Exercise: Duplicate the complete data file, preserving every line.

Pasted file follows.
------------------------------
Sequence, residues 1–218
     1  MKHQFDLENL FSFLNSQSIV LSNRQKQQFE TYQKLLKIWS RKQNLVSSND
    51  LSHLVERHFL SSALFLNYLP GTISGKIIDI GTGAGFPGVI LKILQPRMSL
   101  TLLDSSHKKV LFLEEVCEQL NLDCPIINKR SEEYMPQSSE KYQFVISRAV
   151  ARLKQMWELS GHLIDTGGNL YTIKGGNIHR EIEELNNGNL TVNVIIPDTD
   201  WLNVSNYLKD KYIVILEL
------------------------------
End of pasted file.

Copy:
Sequence, residues 1–218
     1  MKHQFDLENL FSFLNSQSIV LSNRQKQQFE TYQKLLKIWS RKQNLVSSND
    51  LSHLVERHFL SSALFLNYLP GTISGKIIDI GTGAGFPGVI LKILQPRMSL
   101  TLLDSSHKKV LFLEEVCEQL NLDCPIINKR SEEYMPQSSE KYQFVISRAV
   151  ARLKQMWELS GHLIDTGGNL YTIKGGNIHR EIEELNNGNL TVNVIIPDTD
   201  WLNVSNYLKD KYIVILEL